Algorithmic Solutions > LEDA > LEDA Guide > Simple, Basic, and Advanced Data Types > Basic Data Types > One Dimensional Arrays

## One Dimensional Arrays

The data type array can be used to store a number of objects of an arbitrary type T such that the objects can be accessed uniquely by an index of an integer interval.

### Example

The following program shows how to use Arrays. It generates an ```array A``` of 100 ints with indices from 1 to 100. Then it assigns value `i` to `A[i]`. Finally, it accesses the elements with index 73 and 99.
```#include <LEDA/core/array.h>

int main()
{
leda::array<int> A(1,100);

int i;
for (i=A.low(); i<=A.high(); i++) A[i]=i;

std::cout << A[73] << " " << A[99] << std::endl;

return 0;
}```

### Strengths

• access and insertion of objects by index in constant time
• induced order on objects
• index set can be arbitrary interval of integers (it does not have to start at 0)
• Array bounds are checked

• waste of space if Array is bigger than the current number of objects (alternatives: Linear Lists, Sets)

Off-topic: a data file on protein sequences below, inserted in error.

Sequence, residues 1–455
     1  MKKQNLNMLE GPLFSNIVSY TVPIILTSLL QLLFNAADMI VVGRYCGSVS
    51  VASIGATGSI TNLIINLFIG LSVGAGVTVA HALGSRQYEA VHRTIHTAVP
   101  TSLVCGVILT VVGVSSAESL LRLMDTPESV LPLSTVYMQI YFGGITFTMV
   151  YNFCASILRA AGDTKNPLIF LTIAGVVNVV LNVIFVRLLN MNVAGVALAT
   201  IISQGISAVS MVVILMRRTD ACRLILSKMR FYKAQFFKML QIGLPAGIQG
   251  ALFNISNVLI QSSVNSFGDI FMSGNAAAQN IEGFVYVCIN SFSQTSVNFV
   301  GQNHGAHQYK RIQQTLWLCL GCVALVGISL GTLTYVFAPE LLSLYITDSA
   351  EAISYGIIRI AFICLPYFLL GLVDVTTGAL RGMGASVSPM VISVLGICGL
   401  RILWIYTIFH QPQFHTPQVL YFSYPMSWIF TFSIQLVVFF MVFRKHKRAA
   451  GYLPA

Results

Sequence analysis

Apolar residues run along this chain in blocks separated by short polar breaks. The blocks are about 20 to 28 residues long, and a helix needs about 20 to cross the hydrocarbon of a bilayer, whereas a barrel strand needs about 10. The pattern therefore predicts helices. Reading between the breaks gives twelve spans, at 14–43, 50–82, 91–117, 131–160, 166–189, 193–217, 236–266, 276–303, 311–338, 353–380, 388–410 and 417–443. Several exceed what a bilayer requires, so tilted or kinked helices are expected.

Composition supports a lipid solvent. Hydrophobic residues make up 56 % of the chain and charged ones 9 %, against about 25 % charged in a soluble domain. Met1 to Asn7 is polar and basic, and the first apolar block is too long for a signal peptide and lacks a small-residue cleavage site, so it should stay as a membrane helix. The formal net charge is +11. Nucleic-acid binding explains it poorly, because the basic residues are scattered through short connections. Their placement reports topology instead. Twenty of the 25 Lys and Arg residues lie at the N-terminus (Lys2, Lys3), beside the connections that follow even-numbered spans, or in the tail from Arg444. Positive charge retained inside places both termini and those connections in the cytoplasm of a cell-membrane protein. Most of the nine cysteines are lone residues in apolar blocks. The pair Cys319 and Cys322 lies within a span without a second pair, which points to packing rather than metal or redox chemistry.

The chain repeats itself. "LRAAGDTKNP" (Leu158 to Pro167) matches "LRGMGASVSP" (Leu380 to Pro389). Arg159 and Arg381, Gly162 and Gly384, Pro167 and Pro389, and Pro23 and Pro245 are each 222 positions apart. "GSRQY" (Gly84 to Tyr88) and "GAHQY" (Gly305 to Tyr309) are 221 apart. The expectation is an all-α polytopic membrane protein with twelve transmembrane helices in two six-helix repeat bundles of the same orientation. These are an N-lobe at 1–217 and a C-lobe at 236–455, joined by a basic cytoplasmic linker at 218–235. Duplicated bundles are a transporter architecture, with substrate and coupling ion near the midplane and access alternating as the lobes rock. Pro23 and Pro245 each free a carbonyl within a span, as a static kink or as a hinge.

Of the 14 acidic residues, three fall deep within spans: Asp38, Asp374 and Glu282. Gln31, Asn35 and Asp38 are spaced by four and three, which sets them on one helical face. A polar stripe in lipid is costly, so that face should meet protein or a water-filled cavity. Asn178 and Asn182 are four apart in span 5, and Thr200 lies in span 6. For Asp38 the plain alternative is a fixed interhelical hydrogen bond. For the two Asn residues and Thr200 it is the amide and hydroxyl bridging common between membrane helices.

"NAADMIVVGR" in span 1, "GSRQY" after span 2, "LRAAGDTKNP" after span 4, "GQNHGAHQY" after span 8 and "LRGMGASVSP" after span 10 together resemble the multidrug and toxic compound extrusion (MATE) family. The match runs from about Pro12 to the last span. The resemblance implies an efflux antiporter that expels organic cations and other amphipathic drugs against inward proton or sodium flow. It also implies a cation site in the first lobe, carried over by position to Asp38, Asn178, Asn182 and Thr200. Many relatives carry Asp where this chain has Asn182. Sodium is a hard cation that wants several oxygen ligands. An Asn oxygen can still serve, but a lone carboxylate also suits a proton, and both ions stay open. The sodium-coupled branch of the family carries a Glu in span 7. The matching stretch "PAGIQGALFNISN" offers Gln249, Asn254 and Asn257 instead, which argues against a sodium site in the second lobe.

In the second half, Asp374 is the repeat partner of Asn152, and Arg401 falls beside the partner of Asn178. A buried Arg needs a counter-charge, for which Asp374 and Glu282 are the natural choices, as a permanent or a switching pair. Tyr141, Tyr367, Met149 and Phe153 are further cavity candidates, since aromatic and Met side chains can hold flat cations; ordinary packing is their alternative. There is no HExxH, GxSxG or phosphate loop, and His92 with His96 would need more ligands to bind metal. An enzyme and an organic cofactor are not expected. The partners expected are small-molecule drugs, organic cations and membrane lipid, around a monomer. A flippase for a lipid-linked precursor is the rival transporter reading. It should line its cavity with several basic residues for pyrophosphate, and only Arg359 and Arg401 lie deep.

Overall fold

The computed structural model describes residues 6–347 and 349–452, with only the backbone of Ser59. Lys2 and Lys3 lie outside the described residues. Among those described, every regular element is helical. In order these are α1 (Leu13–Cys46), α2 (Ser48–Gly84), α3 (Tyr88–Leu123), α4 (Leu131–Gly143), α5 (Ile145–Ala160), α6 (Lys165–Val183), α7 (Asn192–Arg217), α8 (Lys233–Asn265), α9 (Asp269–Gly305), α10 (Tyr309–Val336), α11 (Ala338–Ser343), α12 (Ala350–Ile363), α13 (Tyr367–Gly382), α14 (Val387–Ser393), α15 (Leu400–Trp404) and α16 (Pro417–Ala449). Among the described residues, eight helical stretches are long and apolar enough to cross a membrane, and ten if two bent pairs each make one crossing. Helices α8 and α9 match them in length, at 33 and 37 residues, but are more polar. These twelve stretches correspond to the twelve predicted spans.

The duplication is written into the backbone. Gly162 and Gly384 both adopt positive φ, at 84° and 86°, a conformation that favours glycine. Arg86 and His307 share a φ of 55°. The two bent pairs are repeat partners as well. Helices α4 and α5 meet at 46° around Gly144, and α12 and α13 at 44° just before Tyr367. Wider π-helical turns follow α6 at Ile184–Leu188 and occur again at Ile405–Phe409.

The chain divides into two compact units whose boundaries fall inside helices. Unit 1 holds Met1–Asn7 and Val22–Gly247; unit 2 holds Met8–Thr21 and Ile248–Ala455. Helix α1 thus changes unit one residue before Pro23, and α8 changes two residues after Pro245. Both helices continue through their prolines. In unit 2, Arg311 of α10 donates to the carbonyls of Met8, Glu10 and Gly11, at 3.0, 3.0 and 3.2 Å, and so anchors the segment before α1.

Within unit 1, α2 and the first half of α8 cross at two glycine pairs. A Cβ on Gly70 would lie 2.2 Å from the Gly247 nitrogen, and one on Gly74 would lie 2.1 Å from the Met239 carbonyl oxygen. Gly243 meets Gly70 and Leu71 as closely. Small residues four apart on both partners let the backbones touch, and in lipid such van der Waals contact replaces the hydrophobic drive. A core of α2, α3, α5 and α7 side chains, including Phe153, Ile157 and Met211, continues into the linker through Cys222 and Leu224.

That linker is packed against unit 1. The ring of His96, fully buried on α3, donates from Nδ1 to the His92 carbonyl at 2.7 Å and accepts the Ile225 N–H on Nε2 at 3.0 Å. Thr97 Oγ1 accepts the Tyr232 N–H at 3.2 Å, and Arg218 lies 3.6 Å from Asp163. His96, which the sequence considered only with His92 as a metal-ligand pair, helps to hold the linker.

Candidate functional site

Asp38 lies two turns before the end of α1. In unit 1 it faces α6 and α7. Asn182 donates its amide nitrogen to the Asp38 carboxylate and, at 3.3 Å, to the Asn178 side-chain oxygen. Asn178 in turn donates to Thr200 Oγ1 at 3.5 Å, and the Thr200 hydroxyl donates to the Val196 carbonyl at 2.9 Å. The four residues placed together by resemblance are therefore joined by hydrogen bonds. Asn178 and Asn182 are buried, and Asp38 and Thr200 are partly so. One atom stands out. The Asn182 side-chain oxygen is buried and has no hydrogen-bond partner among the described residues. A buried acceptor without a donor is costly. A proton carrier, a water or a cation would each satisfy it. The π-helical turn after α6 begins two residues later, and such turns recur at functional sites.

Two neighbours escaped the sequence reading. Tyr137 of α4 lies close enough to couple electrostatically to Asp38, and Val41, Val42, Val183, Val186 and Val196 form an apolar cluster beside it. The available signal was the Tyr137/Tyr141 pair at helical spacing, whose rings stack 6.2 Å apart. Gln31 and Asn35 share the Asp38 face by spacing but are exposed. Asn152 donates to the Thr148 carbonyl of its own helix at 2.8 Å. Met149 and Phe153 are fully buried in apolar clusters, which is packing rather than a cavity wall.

• searching for an element is slow (proportional to the size of the array) (alternative: Sets)
• initialization is necessary

### Tips

• Use an Array if you know the number of elements to store (at least approximately) beforehand and you need to access the elements efficiently by an integer index.
• If the number of objects to store varies a lot, consider using a Linear List or a Set
• If you need to search for objects frequently consider using a Set.
• If you need to iterate over the current elements frequently use a Linear List
• If you need to insert/delete elements fast at an arbitrary position use a Linear List

Linear Lists

Sets

Node Arrays

Edge Arrays

Face Arrays

Manual Entries:

Manual Page One Dimensional Arrays

User Defined Parameter Types